Wuilmer "Wally" Rodriguez was fresh off winning a title belt, had built his amateur mixed martial arts record up to 11-0-1 and was closing in on a shot to fight in the big leagues when the pandemic hit.
"With COVID that goal is just slipping away. When you're this close, you don't want to quit," Rodriguez said.
Rodriguez has done what he can to stay in shape over the last year, but he said with gyms mostly closed due to public health restrictions he lost control of his weight, gaining nearly 40 pounds.
"At some point, the more the [public health restrictions] take away, the harder it gets to be creative," said the 25-year-old Montrealer. "I saw that all my hard work that I did all these years is slipping away and I told myself I have to do something about it."
Some elite amateur athletes have been allowed to continue their training through an exemption granted by the provincial public health department. But not Rodriguez and his fellow mixed martial arts (MMA) enthusiasts.
His Montreal-based coach, Justin Etheridge, is working to change that through a newly formed amateur association.
A new association to represent amateur combat athletes
Those changes can't happen quickly enough for Rodriguez. Unable to train in in Quebec, he has decided to relocate to a small farm in Guatemala to get fighting trim. He said it will be a rustic and challenging environment.
For food he will rely primarily on rice and about a dozen free-range chickens, but contrary to the situation in Quebec at least he'll be able to work out as much as he wishes.
The Central American country of 16 million reported 200 new COVID-19 infections on Monday, according to the World Health Organization. Most businesses, including gyms, are open.
"They took away everything from us, being free (in Guatemala) it doesn't matter the conditions or if the food is hard to get or the weather is stronger than here, it's really hot, it doesn't matter as long as I can train," he said.
Etheridge supports his pupil's decision to leave, but is incredulous that it's come to this.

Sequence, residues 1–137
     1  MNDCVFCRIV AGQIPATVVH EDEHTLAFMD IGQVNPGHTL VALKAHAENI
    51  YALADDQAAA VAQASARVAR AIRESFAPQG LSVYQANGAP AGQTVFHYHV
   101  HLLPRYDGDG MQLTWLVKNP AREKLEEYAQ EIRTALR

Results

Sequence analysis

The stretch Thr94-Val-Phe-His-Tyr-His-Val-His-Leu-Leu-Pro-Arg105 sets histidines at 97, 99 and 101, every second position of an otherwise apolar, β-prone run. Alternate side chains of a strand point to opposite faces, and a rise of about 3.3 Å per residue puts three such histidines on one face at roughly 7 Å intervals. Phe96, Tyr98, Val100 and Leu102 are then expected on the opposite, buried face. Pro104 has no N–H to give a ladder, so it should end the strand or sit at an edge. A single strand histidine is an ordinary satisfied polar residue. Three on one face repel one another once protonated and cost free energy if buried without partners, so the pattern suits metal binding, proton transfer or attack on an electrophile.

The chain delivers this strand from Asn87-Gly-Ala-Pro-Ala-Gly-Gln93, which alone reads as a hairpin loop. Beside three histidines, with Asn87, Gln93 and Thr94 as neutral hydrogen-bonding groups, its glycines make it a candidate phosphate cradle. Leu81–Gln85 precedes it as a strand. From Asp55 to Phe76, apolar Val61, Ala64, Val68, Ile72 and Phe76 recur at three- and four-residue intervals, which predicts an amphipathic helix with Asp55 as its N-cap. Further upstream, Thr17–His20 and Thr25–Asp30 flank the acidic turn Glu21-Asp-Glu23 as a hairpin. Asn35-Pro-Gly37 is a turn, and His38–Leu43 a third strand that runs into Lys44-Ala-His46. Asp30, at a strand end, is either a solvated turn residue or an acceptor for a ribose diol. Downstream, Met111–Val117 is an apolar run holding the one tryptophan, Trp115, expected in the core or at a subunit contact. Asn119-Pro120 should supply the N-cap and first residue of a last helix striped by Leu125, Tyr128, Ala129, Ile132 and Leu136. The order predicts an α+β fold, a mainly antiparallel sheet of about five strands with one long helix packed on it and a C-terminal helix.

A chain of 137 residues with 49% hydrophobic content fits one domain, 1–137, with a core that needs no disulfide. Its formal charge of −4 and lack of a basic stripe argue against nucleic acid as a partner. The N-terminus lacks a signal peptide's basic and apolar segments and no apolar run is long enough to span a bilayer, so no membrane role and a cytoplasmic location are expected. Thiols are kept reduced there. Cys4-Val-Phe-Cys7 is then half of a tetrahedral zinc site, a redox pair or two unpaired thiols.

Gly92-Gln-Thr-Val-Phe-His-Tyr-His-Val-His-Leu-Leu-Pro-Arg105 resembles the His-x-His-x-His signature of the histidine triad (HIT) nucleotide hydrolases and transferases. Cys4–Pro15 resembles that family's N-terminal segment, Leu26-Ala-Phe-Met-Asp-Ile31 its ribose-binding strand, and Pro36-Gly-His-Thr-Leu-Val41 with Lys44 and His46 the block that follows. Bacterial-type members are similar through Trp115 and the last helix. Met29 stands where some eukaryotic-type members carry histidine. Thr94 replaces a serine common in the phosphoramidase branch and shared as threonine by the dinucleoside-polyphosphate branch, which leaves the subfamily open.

"I have three fighters alone that are going to make the UFC [Ultimate Fighting Championship] and make a huge impact and these people are sitting at home, young men sitting at home, gaining weight and getting depressed," said Etheridge, who owns and operates Angry Monkey MMA in Verdun.
He believes that if elite amateur mixed martial arts athletes were treated the same way as Olympic hopefuls, people like Rodriguez wouldn't need to leave the country to continue practicing their sport.
"It's been a terrible time and not having representation at that table it's been awful," Etheridge said.
Among the issues: MMA is one of a handful of amateur combat sports that are still not officially recognized by the provincial government. When the pandemic hit, Etheridge said, there was no line of communication for coaches like him to lobby the government so their top fighters could keep following their training regimen.
The province has had the power to legitimize amateur combat sports like mixed martial arts since a change to federal law in 2013. But unlike other provinces such as Ontraio, B.C. and Manitoba, Quebec has yet to do anything substantial to accomplish it.
Seeing a need for representation, Etheridge has rallied more than 100 gyms and dojos to join a new coalition called the Association des arts martiaux du Québec (AAMQ). Together, they're trying to get the government's attention.
"We opened up the affiliation forms online and just dozens and dozens of gyms are signing up week after week and this thing is powerful," Etheridge said "We have a lot a lot of support that the government just cannot ignore, I mean we have representation in all 19 [administrative] regions."
Illuminating the grey zone around combat sports
Until a few years ago there wasn't much urgency for the community to get organized.
Amateur MMA used to operate in a sort of legal grey zone with multiple events happening around the province each weekend, but authorities started cracking down four years ago.
"Number one, our goal was unite everybody and bring everybody together so we can actually accomplish our goals, moving forward we want to reopen the gyms — we want to re-legalize amateur MMA, amateur muay thai and jiu-jitsu and elevate the standards of safety in everything," Etheridge said.
Etheridge and the AAMQ have yet to hold any talks with the government.
Rodriguez meanwhile says he's planning to stay in Guatemala until the situation changes in Quebec. When he comes back, it will because he can return into his familiar gym to train again.